Self-assembling 3D battery would charge in
May 18, 2018
The world is a big place, but it's gotten
smaller with the advent of technologies that put people from across the
globe in the palm of one's hand. And as the world has shrunk, it has
also demanded that things happen ever faster - including the time it
takes to charge an electronic device.
A cross-campus collaboration led by Ulrich Wiesner, professor of
engineering in the at Cornell University, addresses this demand with a
novel energy storage device architecture that has the potential for
The group's idea: Instead of having the batteries' anode and cathode on
either side of a nonconducting separator, intertwine the components in a
self-assembling, 3D gyroidal structure, with thousands of nanoscale
pores filled with the elements necessary for energy storage and
"This is truly a revolutionary battery architecture," said Wiesner,
whose group's paper, "Block Copolymer Derived 3-D Interpenetrating
Multifunctional Gyroidal Nanohybrid for Electrical Energy Storage," was
published May 16 in Energy and Environmental Science, a publication of
the Royal Society of Chemistry.
"This three-dimensional architecture basically eliminates all losses
from dead volume in your device," Wiesner said. "More importantly,
shrinking the dimensions of these interpenetrated domains down to the
nanoscale, as we did, gives you orders of magnitude higher power
density. In other words, you can access the energy in much shorter times
than what's usually done with conventional battery architectures." How
fast is that? Wiesner said that, due to the dimensions of the battery's
elements being shrunk down to the nanoscale, "by the time you put your
cable into the socket, in seconds, perhaps even faster, the battery
would be charged."
The architecture for this concept is based on block copolymer
self-assembly, which the Wiesner group has employed for years in other
devices, including a gyroidal solar cell and a gyroidal superconductor.
Joerg Werner, Ph.D. '15, lead author on this work, had experimented with
self-assembling photonic devices, and wondered if the same principles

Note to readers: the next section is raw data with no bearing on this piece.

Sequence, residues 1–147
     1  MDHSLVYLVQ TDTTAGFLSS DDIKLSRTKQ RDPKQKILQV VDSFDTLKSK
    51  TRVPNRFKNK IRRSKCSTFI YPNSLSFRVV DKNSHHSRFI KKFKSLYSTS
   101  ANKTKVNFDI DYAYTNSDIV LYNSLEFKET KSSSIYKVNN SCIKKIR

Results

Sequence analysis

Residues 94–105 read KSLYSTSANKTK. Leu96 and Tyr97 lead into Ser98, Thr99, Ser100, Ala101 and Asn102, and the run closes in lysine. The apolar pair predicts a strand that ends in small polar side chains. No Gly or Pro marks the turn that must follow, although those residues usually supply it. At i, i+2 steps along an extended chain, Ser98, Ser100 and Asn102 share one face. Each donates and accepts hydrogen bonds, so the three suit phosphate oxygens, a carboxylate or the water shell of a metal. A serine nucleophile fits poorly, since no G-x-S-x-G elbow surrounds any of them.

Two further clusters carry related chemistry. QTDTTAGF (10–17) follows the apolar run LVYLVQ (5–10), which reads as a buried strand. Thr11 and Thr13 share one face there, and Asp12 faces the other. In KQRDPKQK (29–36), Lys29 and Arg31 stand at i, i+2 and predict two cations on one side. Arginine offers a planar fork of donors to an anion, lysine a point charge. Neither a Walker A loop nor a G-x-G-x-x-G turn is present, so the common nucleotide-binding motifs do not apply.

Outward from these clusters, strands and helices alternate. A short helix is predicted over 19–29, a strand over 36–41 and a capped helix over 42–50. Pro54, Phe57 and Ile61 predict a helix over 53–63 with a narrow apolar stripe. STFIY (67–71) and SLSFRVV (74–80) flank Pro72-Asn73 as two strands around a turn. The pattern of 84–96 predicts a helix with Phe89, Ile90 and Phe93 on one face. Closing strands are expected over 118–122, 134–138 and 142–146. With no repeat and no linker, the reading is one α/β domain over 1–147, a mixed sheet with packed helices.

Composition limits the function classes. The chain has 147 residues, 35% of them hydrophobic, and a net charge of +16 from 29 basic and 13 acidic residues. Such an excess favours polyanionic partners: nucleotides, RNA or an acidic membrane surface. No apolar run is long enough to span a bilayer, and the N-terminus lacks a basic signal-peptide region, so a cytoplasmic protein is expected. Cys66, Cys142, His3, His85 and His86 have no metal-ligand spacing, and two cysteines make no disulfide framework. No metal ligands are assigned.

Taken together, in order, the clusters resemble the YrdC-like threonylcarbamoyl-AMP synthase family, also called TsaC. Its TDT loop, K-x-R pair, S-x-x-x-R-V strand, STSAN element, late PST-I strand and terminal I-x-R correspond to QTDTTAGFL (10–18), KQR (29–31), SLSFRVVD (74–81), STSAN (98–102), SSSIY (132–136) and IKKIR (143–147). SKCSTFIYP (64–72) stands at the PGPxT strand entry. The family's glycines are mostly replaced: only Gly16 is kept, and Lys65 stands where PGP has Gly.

could be applied to carbon materials for energy storage.
The gyroidal thin films of carbon - the battery's anode, generated by
block copolymer self-assembly - featured thousands of periodic pores on
the order of 40 nanometers wide. These pores were then coated with a 10
nm-thick, electronically insulating but ion-conducting separator through
electropolymerization, which by the very nature of the process produced
a pinhole-free separation layer.
That's vital, since defects like holes in the separator are what can
lead to catastrophic failure giving rise to fires in mobile devices such
as cellphones and laptops.
next step is the addition of the cathode material - in this case, sulfur
- in an amount that doesn't quite fill the remainder of the pores. Since
sulfur can accept electrons but doesn't conduct electricity, the final
step is backfilling with an electronically conducting polymer - known as
While this architecture offers proof of concept, Wiesner said, it's not
without challenges. Volume changes during discharging and charging the
battery gradually degrade the PEDOT charge collector, which doesn't
experience the volume expansion that sulfur does.
"When the sulfur expands," Wiesner said, "you have these little bits of
polymer that get ripped apart, and then it doesn't reconnect when it
shrinks again. This means there are pieces of the 3D battery that you
then cannot access."
The group is still perfecting the technique, but applied for patent
protection on the proof-of-concept work.